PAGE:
I have witnessed messages and prayers for someone to have children or praying for someone to find a spouse. And that’s making an assumption that they want to have children or that they’re they want to get married. I’ve been in a setting where the speaker said in speaking about what our priorities should be, they said it should be God first, spouse second, and then your ministry work. And I just think we don’t stop to think about who’s erased by that. What about the people who don’t have a spouse?
Because here’s the thing about uniformity. We shouldn’t expect uniformity, but we should assume that we all have the same needs. And by that, I mean, what does it mean to be human? And it’s safe to say that we’re dehumanizing another if we fail to recognize that they have all the universal needs that all humans have. So, it made me feel like when I heard that statement that — I wish that speaker had said, God, then important relationships, then your ministry or something like that. Because [otherwise] it makes the assumption that people who aren’t married don’t have the same need for community and connection. They do. Everybody has! Assume we all have the same needs for that kind of connection and community.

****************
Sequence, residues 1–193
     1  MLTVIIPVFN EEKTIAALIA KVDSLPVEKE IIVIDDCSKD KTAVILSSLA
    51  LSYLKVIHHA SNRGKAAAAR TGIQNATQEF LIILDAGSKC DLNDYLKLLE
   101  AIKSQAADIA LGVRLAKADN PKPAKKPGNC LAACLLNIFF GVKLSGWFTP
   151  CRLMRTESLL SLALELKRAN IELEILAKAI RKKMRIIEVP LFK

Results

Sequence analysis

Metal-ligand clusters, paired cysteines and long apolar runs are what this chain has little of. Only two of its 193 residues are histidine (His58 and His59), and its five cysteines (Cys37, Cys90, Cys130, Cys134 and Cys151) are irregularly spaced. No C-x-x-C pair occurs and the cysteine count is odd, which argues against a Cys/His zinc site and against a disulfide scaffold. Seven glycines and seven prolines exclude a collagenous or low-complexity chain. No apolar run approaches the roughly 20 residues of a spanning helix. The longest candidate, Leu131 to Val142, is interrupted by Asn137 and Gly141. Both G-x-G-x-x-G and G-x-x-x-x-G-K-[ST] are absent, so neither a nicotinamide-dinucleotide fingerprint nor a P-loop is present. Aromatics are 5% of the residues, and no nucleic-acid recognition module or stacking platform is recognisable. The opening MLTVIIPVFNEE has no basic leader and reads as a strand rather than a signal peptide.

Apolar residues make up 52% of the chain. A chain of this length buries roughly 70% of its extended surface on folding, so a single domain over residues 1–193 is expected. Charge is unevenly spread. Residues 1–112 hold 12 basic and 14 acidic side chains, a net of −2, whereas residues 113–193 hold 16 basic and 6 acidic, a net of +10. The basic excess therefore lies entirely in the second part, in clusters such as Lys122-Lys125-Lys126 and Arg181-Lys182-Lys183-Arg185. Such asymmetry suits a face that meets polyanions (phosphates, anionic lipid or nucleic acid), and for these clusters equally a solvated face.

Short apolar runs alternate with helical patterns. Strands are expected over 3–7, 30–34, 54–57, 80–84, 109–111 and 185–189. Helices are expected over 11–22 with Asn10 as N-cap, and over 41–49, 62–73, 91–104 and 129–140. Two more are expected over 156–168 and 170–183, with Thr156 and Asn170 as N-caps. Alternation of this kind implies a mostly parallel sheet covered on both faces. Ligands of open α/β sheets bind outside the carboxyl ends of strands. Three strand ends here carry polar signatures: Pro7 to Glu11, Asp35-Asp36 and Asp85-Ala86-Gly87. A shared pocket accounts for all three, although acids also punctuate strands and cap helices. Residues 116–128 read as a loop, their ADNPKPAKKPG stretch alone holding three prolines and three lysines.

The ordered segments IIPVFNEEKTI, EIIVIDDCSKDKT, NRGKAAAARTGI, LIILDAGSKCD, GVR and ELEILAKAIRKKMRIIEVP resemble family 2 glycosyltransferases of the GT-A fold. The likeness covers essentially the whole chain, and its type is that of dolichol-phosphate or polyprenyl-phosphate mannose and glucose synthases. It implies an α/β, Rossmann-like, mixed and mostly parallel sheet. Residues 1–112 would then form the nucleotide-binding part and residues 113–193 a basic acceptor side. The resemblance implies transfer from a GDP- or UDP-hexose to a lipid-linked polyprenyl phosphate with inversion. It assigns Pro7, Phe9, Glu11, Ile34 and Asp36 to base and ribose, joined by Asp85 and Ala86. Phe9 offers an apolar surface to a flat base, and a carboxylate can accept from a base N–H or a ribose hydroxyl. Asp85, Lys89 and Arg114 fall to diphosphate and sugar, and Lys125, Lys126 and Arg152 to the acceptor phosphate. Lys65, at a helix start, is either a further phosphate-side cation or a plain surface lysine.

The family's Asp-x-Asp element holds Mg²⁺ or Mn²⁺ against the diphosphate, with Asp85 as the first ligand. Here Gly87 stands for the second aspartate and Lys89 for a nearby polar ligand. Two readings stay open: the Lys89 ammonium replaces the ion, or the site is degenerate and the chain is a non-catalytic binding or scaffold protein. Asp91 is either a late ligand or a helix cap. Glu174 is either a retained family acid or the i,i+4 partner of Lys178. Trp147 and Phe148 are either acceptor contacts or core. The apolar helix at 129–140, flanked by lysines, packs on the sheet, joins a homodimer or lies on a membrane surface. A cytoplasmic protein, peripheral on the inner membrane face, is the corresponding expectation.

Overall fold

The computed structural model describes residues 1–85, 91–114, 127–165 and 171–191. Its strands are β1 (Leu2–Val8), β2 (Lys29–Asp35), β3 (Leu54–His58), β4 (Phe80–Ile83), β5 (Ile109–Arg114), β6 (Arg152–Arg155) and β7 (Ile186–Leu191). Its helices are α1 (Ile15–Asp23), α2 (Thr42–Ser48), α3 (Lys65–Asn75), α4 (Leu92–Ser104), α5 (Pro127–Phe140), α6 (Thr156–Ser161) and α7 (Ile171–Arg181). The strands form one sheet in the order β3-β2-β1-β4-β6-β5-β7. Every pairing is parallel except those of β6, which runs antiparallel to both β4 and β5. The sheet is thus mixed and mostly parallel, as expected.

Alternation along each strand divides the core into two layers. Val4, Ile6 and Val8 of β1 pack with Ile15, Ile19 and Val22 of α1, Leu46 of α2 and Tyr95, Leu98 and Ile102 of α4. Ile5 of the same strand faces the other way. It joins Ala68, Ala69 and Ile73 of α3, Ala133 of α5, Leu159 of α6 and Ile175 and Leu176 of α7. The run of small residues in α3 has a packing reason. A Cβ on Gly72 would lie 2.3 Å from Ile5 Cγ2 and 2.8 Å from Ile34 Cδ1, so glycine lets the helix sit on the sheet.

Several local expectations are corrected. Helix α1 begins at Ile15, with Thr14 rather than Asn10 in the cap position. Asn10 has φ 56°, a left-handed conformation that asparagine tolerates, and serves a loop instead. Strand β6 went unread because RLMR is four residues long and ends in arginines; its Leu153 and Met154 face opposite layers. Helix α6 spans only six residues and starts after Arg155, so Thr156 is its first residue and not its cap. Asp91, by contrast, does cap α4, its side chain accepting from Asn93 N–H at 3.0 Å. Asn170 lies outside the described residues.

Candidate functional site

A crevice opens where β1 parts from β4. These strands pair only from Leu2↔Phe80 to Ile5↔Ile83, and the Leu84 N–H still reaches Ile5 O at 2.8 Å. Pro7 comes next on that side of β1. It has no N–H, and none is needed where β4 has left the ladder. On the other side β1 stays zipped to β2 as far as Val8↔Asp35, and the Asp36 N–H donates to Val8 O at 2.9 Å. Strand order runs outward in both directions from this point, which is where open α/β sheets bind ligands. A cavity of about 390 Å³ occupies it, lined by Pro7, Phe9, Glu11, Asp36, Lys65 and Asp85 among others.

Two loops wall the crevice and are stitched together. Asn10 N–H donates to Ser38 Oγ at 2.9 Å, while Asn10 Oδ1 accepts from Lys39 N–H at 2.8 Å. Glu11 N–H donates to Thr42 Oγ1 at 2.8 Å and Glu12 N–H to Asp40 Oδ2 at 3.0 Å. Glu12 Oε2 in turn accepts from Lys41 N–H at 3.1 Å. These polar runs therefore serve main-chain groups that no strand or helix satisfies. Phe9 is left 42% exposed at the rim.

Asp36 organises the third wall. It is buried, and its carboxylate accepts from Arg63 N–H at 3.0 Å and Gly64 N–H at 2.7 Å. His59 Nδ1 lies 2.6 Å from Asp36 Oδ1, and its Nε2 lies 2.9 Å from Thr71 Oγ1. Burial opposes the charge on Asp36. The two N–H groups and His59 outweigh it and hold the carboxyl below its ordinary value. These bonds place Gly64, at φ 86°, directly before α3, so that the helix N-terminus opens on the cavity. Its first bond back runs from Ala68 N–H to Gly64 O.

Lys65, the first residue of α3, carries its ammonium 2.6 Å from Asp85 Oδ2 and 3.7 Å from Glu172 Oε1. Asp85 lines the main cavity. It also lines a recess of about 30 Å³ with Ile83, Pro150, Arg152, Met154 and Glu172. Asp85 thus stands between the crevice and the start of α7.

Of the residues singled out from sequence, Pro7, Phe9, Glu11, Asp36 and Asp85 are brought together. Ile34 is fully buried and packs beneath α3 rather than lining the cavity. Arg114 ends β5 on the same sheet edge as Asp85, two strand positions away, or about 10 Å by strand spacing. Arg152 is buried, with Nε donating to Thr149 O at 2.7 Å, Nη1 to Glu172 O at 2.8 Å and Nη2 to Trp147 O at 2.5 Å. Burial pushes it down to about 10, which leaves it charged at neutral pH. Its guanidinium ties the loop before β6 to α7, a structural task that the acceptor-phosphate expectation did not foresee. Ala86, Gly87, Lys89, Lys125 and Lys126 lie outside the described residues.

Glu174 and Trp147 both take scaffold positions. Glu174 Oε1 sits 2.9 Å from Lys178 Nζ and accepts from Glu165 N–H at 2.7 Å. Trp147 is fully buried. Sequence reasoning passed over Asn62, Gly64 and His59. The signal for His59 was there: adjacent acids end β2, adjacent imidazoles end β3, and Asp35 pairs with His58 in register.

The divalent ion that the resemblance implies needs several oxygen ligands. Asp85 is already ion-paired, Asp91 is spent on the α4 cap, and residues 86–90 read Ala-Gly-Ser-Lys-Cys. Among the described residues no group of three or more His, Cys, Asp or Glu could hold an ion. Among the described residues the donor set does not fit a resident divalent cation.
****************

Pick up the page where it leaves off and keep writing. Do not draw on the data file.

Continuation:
Cara: And when you think about in, and even those examples you’ve given, when we think about communities of belonging, if you were to put yourself in the shoes of somebody who didn’t fit the assumed criteria or life circumstance, then there’s this uncomfortability that you can imagine you may experience of, oh, then is this space for me if this is what is assumed? Do I actually belong here?
And so, it’s those ways that we actually undercut belonging through our language and the assumed status quo or uniformity because casual language that we might use, it sends a signal. Oh, this is what the expectation or the standard is. And then if you don’t meet that, it’s oh do I actually belong here? Is this space for me? And not just that is this space for me, but it can even be as serious as, is this good news for somebody like me? Is Jesus for somebody like me?
Elizabeth: Yes. And that’s huge. Isn’t it?
Cara: Yeah. Yeah, sure is.
Elizabeth: I think most of what I’ve learned, I learned from making mistakes. And here’s an important lesson that I learned, and listeners are probably going to laugh, because it’s duh. But I’m going to just tell on myself. And that’s ask the person! Go to the person. You can say, we want you to belong here, so how can we help you experience that?